We’d have put the Ford Fiesta (read our full review) in this list, but Ford took it off sale in mid-2023 with no plans for replacement – so the related Ford Puma it is.
Based off the same chassis, this compact SUV is still fun to drive and still sports some excellent mild-hybrid engines, and if it isn’t quite as controlled in the corners, well, you do at least get the Megabox and other enhanced practicality features. Prices start from £24,920.
Read our Ford Puma review
Mercedes-Benz E-Class (E220d Estate)
MHEV diesel estate is a class act
PROS: accomplished long-distance luxury and load space
CONS: the interior is a bit chintzy in places
Pretty much every ordinary Mercedes comes as a mild hybrid now, but we’ve singled-out this particular E-Class Estate because it’s hugely practical, supremely comfortable, projects a very self-assured image and… has a diesel engine.
We’re not supposed to think this is cool anymore, but the combo of diesel torque and parsimony with EQ Boost assistance rated at 19bhp is super sweet. Prices start from £50,775.
Read our Mercedes-Benz E-Class review
Suzuki Swift Sport
Lightweight warm-hatch thrills without the thirst
PROS: light, fun, 50mpg
CONS: definitely not a hot hatch
Something of a palette-cleanser after those big bruisers, the Suzuki Swift Sport is a notable exponent of mild-hybrid technology as well.
Though far from being the most powerful supermini hot hatch – it has just 127bhp – it delights in weighing only just more than a tonne, giving it a power-to-fun ratio that punches well above that modest-seeming level. Drive it carefully and you’ll even see 50mpg. Prices start from £23,070.
Read our Suzuki Swift Sport review
Just a really good large SUV with mild-hybrid tech throughout
PROS: Every standard model has MHEV tech, spacious, well built
CONS: A bit bland
After a big decent SUV that looks slightly less like it should be stood in the middle of a field? Then the Audi Q7 could be for you.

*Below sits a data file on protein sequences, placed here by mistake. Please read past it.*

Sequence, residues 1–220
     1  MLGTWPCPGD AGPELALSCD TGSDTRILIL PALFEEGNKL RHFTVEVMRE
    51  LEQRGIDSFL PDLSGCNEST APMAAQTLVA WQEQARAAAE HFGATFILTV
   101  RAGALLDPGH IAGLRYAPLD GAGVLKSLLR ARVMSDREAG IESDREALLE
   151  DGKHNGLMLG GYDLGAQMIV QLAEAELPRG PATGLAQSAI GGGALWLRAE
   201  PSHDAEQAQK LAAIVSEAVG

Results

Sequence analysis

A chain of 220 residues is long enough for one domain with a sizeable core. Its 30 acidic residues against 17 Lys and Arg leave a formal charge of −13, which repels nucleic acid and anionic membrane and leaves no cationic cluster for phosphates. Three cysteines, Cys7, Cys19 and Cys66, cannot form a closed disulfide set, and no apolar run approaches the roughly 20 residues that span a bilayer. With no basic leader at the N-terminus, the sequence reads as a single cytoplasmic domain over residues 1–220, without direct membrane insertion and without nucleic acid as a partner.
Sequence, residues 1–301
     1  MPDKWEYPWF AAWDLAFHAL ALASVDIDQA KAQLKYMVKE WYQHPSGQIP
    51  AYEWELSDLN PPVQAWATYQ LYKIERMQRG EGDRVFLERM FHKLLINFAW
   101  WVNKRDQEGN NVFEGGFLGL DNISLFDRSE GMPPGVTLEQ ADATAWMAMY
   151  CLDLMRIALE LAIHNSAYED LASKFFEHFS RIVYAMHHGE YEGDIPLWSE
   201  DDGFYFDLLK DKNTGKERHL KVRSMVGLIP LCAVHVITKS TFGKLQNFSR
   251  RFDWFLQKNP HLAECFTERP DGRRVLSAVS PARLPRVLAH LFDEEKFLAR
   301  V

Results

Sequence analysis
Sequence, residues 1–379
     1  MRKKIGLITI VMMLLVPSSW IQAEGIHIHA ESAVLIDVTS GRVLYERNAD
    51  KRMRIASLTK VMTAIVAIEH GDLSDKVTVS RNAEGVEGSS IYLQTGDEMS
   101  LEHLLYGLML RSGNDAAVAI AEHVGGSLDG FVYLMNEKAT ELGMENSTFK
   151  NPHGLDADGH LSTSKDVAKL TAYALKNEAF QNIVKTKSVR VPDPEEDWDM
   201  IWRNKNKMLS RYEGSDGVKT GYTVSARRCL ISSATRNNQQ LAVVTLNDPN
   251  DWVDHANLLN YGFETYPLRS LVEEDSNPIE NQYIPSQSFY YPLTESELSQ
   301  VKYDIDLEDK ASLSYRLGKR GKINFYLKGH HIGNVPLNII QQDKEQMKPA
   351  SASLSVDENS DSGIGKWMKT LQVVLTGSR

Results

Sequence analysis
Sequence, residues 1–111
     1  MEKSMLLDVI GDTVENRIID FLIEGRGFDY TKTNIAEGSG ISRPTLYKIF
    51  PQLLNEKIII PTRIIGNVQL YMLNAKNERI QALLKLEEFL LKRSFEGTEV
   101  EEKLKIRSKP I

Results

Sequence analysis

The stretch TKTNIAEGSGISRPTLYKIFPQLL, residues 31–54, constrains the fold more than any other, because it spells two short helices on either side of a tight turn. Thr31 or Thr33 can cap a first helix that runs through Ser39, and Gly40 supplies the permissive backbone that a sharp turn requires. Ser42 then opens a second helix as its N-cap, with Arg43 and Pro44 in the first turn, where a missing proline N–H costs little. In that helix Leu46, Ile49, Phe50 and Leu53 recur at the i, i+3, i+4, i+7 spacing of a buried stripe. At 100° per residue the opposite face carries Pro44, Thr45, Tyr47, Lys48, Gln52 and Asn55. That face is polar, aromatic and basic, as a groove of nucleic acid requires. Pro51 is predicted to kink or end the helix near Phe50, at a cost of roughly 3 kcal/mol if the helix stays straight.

The entire standard engine range has 48v mild-hybrid assistance these days (there are a couple of Q7 plug-in hybrids as well, while the high-performance SQ7 (read our full review) sadly ditched the MHEV tech when it switched from diesel to petrol power) and the whole car feels as solid as ever. It costs from £58,685.
Read our Audi Q7 review
Land Rover Defender
Best MHEV for that off-road lifestyle
PROS: design and capability
CONS: you’ll have to accept the image
Distinctive style, go-anywhere capability and an impressive degree of customisation define the modern Land Rover Defender. Meaning it’s now unquestionably the kind of car that’s welcome, well, everywhere.
It’s not a cheap vehicle, nor really a utilitarian one anymore, but it compensates with an assured driving experience and mild-hybrid engines to combat the bluff, unaerodynamic shape. Probably pick something else if you really want to be green. Prices start at £60,705.
Read our Land Rover Defender review
Ford Transit Custom
Best mild hybrid… van
PROS: Comprehensively excellent medium-sized van with MHEV tech as standard
CONS: It probably won’t fit in your garage
Yes, yes, a van. But Ford was the first van maker to properly embrace mild-hybrid technology – to the extent that every version of the Transit Custom now comes with an MHEV engine (previously it was an optional upgrade).